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Dear Friends and Neighbors,

The 2023 legislative session is almost over, but we still have a few remaining issues to resolve before we’re scheduled to wrap up on April 23. That work includes finalizing and passing the three state budgets – operatingtransportation, and capital – for the next two years.

Update on Public Safety

But before I get into the budgets, I want to update you on two of the biggest issues this session, both of which affect our public safety. Unfortunately, House Democrats have done little to fix them. There were several bills to address these issues and two of them made it through committee, but neither is as strong as originally written. We are still waiting to vote on Senate Bill 5536 (drug possession and treatment, Blake decision) on the House floor, which could happen as soon as today.

The majority party did bring Senate Bill 5352, the vehicular pursuit bill, up for a debate and a vote late Monday night. This legislation intends to partially correct House Bill 1054, which passed in 2021.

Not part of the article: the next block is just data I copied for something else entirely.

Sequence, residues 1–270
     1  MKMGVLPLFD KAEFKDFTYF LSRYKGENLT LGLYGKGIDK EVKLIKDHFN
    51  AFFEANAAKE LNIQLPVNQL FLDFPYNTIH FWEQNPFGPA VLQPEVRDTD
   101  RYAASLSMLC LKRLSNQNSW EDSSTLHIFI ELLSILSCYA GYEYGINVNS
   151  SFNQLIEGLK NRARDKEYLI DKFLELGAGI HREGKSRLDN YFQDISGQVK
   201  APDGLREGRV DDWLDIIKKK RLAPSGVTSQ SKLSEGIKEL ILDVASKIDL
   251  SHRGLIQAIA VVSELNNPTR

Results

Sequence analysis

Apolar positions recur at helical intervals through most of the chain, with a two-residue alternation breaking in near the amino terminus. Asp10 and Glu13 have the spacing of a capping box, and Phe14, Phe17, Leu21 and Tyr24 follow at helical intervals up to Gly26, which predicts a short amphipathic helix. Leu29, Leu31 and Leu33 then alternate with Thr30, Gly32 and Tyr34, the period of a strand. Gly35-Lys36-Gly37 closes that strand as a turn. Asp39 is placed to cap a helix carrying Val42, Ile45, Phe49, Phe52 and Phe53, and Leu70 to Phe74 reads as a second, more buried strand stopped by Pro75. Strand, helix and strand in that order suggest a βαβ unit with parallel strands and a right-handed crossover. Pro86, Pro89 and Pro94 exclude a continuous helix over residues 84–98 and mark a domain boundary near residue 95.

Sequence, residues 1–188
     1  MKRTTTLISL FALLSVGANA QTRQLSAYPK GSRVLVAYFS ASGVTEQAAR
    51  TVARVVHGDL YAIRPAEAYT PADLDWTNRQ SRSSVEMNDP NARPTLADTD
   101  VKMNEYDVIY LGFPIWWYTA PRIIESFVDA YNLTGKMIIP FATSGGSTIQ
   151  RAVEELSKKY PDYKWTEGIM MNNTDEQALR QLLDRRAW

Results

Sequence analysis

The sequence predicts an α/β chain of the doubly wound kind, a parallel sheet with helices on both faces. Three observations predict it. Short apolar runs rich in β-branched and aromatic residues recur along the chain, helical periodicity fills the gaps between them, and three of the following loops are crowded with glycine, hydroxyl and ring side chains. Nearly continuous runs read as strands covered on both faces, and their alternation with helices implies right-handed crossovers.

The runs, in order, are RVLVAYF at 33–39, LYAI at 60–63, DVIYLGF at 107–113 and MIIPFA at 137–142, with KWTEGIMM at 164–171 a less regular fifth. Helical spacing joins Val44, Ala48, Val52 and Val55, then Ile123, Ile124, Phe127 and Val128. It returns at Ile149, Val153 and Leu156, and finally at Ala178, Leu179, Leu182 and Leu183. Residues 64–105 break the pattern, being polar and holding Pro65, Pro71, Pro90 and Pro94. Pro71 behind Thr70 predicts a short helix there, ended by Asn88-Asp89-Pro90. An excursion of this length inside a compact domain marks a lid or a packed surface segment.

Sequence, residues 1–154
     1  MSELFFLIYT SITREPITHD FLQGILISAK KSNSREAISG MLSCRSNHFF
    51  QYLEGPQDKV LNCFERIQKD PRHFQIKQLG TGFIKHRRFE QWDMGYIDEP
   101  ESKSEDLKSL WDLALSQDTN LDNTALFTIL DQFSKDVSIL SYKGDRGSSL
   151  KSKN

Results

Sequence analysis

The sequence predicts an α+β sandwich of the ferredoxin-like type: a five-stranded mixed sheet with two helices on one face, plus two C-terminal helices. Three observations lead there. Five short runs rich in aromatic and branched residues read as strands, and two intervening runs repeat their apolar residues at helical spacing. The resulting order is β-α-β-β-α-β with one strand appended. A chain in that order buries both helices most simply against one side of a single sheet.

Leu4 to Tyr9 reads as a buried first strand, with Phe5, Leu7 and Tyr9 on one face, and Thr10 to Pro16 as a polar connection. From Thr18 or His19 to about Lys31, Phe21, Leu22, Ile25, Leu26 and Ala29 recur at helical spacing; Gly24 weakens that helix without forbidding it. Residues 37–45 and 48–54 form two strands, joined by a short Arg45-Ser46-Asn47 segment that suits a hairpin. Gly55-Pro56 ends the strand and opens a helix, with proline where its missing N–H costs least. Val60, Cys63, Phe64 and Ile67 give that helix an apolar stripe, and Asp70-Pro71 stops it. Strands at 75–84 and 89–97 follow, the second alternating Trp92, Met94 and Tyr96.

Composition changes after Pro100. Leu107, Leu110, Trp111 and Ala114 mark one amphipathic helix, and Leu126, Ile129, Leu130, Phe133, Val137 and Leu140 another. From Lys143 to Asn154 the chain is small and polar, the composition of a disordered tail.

Since then, criminals have felt emboldened and law enforcement has felt abandoned. This experiment has failed, and our communities are suffering. Crime is up and numerous innocent people have lost their lives because officers are not allowed to pursue unless they have probable cause.

Ultimately, despite mixed feelings on both sides, the House passed the bill 57-40. There were reasons to vote both ways. On the plus side, this legislation is a small step in the right direction and better than what we currently have. But there is still much work to be done. It simply doesn’t do enough to make our communities safe. That’s why I voted against the bill. Click on the image below to watch my speech:

Unfortunately, as they currently stand, neither bill gives law enforcement the proper authority needed to do their job effectively and keep our streets and communities safe. We need to restore the initial pursuit threshold back to reasonable suspicion, instead of probable cause. And we need to fix the Blake decision by increasing the penalty for drug possession to at least a gross misdemeanor, or crime rates will keep getting worse.

You can watch my comments on several other important issues, including gun control laws, by clicking on the links below:

Operating Budget

The House and Senate have introduced and voted on their respective operating and transportation budget proposals. Votes on the capital budget proposals are coming soon. None of the budgets include the governor’s proposed extra bonds. Budget writers from both chambers must still convene to find common ground on their differences. Here’s a closer look at the House’s budget proposals as they currently stand.